OAuth 2.0 flow

Note

This page assumes that you already have an Identity Provider (IdP), such as Google, Azure AD or Okta, which handles the authentication process and returns an access token.

Learn how you can let users authenticate from your Docker Extension using OAuth 2.0 via a web browser, and return them back to your Docker Extension.

In OAuth 2.0, the term “grant type” refers to the way an application gets an access token. Although OAuth 2.0 defines several grant types, this page only describes how to authorize users from your Docker Extension using the Authorization Code grant type.

Authorization Code grant flow

The Authorization Code grant type is used by confidential and public clients to exchange an authorization code for an access token.

After the user returns to the client via the redirect URL, the application gets the authorization code from the URL and uses it to request an access token.

oauth2-flow

The image above shows that:

  • The Docker Extension asks the user to authorize access to their data.
  • If the user grants access, the Docker Extension then requests an access token from the service provider, passing the access grant from the user and authentication details to identify the client.
  • The service provider then validates these details and returns an access token.
  • The Docker Extension uses the access token to request the user data with the service provider.

OAuth 2.0 terminology

  • Auth URL: The endpoint for the API provider authorization server, to retrieve the auth code.
  • Redirect URI: The client application callback URL to redirect to after auth. This must be registered with the API provider.

Once the user enters the username and password, they are successfully authenticated.

Step One: Open a browser page to authenticate the user

From the extension UI, you can provide a button that, when selected, opens a new window in a browser to authenticate the user.

Use the ddClient.host.openExternal API to open a browser to the auth URL. For example:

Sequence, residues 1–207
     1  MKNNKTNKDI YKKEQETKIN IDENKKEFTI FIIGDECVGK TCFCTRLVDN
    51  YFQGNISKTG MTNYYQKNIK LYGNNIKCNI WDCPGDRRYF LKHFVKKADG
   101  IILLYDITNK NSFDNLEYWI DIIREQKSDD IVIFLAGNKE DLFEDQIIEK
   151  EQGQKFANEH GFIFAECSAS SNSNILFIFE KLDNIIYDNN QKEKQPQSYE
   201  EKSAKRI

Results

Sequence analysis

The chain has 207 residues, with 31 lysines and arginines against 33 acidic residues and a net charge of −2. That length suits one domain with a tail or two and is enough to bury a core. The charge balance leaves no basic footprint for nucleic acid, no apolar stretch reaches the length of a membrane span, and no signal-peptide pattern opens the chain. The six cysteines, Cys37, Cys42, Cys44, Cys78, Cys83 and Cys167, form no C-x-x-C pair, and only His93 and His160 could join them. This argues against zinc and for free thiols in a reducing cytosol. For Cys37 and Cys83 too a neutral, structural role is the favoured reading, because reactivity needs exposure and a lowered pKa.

window.ddClient.openExternal("https://authorization-server.com/authorize?
  response_type=code
  &client_id=T70hJ3ls5VTYG8ylX3CZsfIu
  &redirect_uri=${REDIRECT_URI}
  &scope=photo+offline_access
  &state=kH_0FdAtjCfYjOkF);

Step Two: Get the authorization code and access token

From the extension UI

Passing the access token

Currently, passing the authorization code as a query parameter to the docker-desktop://dashboard/open URL is not supported.

You cannot get the authorization code from the extension UI by listing docker-desktop://dashboard/open as the redirect_uri in the OAuth app you’re using and concatenating the authorization code as a query parameter.

See from backend service instead.

From a backend service

You need a backend service running as part of your extension to handle the OAuth 2.0 flow. For this, you must ensure the Redirect URI is registered with the API provider to redirect to that location after OAuth has completed, e.g. http://localhost:8080/callback.

The default communication is socket-based. The backend service needs to expose the port in order for the browser to connect to it.

Authorization

This step is where the user enters their credentials in the browser. After the authorization is complete, the user is redirected back to your backend service, and you’ll consume the authorization code that is part of the query parameters in the URL.

How you consume the query parameters depends on the technology that is used by the backend service.

Exchange the Authorization Code

Next, you exchange the authorization code for an access token.

The backend service must build a POST request to the token endpoint with the following parameters:

POST https://authorization-server.com/token

grant_type=authorization_code
&client_id=T70hJ3ls5VTYG8ylX3CZsfIu
&client_secret=YABbyHQShPeO1T3NDQZP8q5m3Jpb_UPNmIzqhLDCScSnRyVG
&redirect_uri=${REDIRECT_URI}
&code=N949tDLuf9ai_DaOKyuFBXStCNMQzuQbtC1QbvLv-AXqPJ_f

Note

The client’s credentials are included in the POST body in this example. Other authorization servers may require that the credentials are sent as a HTTP Basic Authentication header.

Token Endpoint Response

Finally, you can read the access token from the HTTP response and pass it to the extension UI by having the browser after OAuth be redirected to the backend service. The backend service, in turn, has to explicitly redirect the browser to docker-desktop://dashboard/open.

Step three: Store the access token

The Docker Extensions SDK does not currently provide a mechanism to safely store secrets.

It is highly recommended that you use an external source of storage to store the access token.

Warning

Storing the access token in a client’s localStorage is a security risk as that storage is currently shared amongst all extensions.

What’s next

Learn how to publish and distribute your extension